I think the time has finally come for this beekeeper to sit down and write about his trip to Paris, France. It's been almost two months since I hopped on a flight from Hartsfield-Jackson but the truth is I've had a lot of things to do besides bragging about a once in a lifetime experience. This is a busy time of year in the beekeeping world so lay off me! But the fact is it's finally getting done so buckle up.
First off, if you've never been to Paris I'm not going to make you feel bad for it. I hate it when bloggers do that. I get it. I'm in my 30's and this is the first time I have been (Technically, I had an hour-long layover in the airport there a decade ago but c'mon, I think we can all agree that doesn't count). So if you've never been there don't beat yourself up. That being said, if you ever have the opportunity to go, seize it! Seriously, you won't regret it. Being raised in an agriculturally-centered family in the bible belt I never saw myself as someone who would love France. But it turns out I could easily be a Parisian. It suits me.
My beautiful wife and I had an opportunity in February to visit our closest friends in the world who just so happen to live in Germany. It was a whirlwind week that spanned three countries and more Belgian chocolates and fries than I care to admit and included a three day visit to The City of Lights. Knowing that Paris, and the entire country of France, have a rich history in beekeeping I made sure to find opportunities to seek out the beekeeping and honey related points of interest that the city had to offer (hello business expense tax deduction!).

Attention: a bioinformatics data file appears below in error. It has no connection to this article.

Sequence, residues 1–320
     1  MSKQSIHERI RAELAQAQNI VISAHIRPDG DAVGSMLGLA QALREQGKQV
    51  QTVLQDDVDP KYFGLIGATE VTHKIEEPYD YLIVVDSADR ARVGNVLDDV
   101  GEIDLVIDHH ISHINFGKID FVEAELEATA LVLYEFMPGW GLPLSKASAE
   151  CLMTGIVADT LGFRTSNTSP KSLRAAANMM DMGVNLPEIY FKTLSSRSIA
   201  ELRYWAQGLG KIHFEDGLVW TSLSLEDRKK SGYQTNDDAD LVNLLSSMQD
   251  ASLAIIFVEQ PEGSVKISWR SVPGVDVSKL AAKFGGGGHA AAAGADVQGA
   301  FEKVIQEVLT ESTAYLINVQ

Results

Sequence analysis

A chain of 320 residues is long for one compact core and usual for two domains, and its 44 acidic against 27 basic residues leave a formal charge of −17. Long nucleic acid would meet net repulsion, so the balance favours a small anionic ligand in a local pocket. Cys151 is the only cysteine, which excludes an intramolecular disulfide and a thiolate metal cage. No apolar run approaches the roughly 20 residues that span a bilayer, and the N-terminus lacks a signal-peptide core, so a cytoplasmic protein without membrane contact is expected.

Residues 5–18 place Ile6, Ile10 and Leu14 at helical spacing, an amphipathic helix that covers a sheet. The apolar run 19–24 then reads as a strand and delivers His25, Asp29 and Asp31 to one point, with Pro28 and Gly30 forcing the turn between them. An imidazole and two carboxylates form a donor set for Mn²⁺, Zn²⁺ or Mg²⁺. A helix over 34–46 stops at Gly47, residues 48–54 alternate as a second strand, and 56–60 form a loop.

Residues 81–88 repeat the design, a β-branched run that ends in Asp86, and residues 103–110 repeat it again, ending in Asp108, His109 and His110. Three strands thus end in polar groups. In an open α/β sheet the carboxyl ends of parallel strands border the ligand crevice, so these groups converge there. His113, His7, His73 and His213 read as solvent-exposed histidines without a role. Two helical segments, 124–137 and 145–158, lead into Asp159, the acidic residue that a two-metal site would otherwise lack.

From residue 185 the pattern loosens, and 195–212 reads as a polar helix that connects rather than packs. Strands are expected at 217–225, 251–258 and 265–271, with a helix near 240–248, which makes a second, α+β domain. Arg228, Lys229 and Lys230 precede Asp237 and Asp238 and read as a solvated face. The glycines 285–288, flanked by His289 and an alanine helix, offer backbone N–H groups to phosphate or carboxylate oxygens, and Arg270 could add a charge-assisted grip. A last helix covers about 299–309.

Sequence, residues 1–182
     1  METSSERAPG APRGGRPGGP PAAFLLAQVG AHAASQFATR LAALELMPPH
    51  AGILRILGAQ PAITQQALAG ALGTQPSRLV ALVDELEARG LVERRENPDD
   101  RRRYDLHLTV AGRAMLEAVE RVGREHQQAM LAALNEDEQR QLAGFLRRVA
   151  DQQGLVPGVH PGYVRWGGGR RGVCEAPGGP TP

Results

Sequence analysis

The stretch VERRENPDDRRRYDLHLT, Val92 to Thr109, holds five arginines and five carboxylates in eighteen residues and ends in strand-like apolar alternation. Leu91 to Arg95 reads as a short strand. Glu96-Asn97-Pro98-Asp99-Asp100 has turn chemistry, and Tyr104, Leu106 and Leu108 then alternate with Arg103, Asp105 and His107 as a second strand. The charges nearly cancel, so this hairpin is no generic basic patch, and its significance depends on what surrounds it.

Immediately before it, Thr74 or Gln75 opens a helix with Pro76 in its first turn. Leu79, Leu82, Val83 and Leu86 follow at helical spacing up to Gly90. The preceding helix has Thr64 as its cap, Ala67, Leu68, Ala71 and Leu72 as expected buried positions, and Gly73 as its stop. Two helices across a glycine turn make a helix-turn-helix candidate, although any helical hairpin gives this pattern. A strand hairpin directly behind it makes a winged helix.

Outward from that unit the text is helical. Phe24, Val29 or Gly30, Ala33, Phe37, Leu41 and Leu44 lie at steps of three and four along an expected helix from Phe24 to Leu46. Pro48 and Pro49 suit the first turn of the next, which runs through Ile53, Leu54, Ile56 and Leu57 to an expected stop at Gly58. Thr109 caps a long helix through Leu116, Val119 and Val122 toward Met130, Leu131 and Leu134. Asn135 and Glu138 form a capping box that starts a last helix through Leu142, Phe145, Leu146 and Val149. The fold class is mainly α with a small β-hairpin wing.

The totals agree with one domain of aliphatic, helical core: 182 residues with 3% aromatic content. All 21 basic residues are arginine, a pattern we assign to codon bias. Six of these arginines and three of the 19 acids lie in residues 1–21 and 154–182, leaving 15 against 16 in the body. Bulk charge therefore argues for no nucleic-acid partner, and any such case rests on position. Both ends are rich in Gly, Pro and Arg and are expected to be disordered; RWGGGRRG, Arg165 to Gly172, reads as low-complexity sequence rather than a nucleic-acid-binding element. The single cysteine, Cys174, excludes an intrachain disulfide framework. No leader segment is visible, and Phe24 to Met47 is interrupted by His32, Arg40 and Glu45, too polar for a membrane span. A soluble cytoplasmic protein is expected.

France has a long tradition of beekeeping as old as the country itself. If you have ever seen a photograph of France's stunning lavender fields in the south you will probably be able to see a beehive if you look close enough. Even the logo for Classic City Bee Company is derived from an old French design called the "Napoleonic Bee." However the history of French beekeeping is too deep a subject to expound upon here so I will not attempt to do so.
You may not know it but Paris is a world leader in the burgeoning culture of urban beekeeping. Some might even say it is THE world leader in urban beekeeping. Where it really leaves its mark on the industry is its abundance of rooftop hives. Nestled among the vast expanse of chimney pots across the city you will find hundreds upon hundreds of beehives. More and more, Paris citizens are making use of the picturesque rooftops to supply homes for these amazing pollinators. One inspiring beekeeper even keeps a few hives on the roof of Notre Dame itself.
Unfortunately I was not able to visit any of these hives as it was still the winter and roof access to all of the places I contacted was not permitted.I had hoped to visit one of these famous rooftop hives but didn't want to risk upending centuries of Franco-American relations by trespassing (you're welcome). I guess we will just have to go back sometime when it is warmer. I'm looking for return tickets as I'm writing this.